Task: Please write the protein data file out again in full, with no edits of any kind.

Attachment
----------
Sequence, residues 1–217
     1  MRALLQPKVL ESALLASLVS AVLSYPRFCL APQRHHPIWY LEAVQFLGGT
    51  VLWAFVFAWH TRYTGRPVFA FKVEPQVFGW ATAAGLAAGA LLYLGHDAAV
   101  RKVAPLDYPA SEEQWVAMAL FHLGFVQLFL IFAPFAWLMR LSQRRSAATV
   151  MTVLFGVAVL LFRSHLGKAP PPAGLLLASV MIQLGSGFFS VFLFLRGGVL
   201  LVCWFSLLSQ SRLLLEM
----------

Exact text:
Sequence, residues 1–217
     1  MRALLQPKVL ESALLASLVS AVLSYPRFCL APQRHHPIWY LEAVQFLGGT
    51  VLWAFVFAWH TRYTGRPVFA FKVEPQVFGW ATAAGLAAGA LLYLGHDAAV
   101  RKVAPLDYPA SEEQWVAMAL FHLGFVQLFL IFAPFAWLMR LSQRRSAATV
   151  MTVLFGVAVL LFRSHLGKAP PPAGLLLASV MIQLGSGFFS VFLFLRGGVL
   201  LVCWFSLLSQ SRLLLEM